Serving on a school board involves a significant time commitment, Hanson said. In addition to attending board meetings twice a month, she also sits on three committees, serving as chair of one.
“I feel like I’m constantly preparing, because if it’s not for the actual meeting that happens twice a month, it’s the other committee meetings,” she said.
She also receives emails and an occasional phone call from community members who want to weigh in on an issue.
“That is also ongoing,” she said. “It seems like there’s always a spectrum of opinions.”
Being able to represent that range of opinions and to work with colleagues at the board table are two important skills board members need, she opined.
“It really helps to have somebody who can be open-minded and understand there are a wide range of needs and opinions in the district,” Hanson said.
The ability to listen, synthesize and research are important. Humility is also key.
“You’re not going to come in and have all of the answers,” she said.
But all the time she invests in carefully considering decisions is worth it, she said.
“I find it rewarding to be entrusted with that, because I find it is so important, and I have enjoyed working with people who are also able to share their opinions and be open-minded,” Hanson said. “I’ve had a wonderful experience working on both my boards.”
Hinsdale Public Library
Susan Blumberg-Kason said it took time to fully get her bearings as a Hinsdale Public Library Board member.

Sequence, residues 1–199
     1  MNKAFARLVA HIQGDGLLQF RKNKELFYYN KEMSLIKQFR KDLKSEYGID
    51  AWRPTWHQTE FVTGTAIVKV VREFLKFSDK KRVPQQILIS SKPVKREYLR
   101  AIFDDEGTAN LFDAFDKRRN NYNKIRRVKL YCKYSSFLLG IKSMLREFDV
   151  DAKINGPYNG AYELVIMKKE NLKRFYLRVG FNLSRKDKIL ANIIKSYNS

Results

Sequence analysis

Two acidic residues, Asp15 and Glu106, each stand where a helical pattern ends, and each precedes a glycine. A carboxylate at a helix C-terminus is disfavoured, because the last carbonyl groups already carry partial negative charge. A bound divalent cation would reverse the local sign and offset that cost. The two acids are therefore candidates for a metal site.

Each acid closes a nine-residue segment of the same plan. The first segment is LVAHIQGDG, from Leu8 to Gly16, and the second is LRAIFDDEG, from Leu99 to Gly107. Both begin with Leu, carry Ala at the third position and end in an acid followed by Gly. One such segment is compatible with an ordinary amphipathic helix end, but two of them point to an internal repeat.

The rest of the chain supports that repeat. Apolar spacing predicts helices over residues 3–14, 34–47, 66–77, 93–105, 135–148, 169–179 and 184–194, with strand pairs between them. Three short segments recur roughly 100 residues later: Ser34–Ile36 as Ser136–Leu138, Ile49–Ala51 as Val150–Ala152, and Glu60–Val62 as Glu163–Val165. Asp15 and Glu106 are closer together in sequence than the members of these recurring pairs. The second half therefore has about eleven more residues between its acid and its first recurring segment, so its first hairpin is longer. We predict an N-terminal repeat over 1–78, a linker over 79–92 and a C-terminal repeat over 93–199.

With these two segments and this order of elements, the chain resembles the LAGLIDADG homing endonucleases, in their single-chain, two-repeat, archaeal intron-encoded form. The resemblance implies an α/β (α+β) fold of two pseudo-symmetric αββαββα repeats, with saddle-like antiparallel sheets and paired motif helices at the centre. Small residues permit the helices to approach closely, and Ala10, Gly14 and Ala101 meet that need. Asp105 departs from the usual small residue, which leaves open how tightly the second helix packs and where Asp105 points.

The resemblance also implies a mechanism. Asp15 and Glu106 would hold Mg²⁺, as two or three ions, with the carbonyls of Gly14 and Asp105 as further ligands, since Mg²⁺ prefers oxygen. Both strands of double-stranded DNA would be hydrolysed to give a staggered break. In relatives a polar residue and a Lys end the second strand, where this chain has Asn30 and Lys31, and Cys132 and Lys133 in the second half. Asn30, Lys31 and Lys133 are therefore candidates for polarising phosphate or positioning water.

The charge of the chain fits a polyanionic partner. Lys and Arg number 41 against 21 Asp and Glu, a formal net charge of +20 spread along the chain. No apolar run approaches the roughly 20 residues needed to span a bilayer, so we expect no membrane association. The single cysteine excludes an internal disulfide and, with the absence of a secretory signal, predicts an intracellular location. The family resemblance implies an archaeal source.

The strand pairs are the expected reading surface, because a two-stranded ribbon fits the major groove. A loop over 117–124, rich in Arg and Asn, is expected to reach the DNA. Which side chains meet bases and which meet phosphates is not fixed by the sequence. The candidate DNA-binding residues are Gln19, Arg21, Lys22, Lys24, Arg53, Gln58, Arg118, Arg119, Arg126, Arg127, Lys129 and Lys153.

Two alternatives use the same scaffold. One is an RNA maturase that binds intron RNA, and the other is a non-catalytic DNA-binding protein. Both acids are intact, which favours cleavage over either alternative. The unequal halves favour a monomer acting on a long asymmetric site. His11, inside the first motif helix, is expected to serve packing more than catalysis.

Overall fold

“I think it takes two years to really understand all the workings of the library, what was important, learning about different things,” Blumberg-Kason said.
That included an education on how to develop a budget.
“Learning about the budgeting process was new for me and interesting,” she remarked. “I have a new appreciation for people who deal with municipal budgets.”
She also said finding a niche — in her case leading the art committee — enhanced her engagement.
“That was one of the reasons I wanted to run,” she said of throwing her hat in the ring four year ago. “It’s one of the few committees that has community members on it, working with artists and art teachers and former board members.”
Unfortunately the pandemic has disrupted the committee’s vision for 2020 and 2021, and Blumberg-Kason will be stepping down after her term ends in April. But dealing with unforeseen events is part of the landscape.
“It’s taught me a lot of patience, and I think that’s a good thing,” she said. “You have to be willing to adapt. The library had to think about the whole community and who was vulnerable.
“Flexibility it crucial in this job, and it’s really hard to change sometimes,” she continued. “Everyone comes with a different background, and you can’t be shy about sharing your background and your perspective. We’re all there for different reasons.”
Making space for fresh perspectives keeps a library vibrant and is a leading reason she is serving only one term.
“Bringing in new ideas is always beneficial,” she said.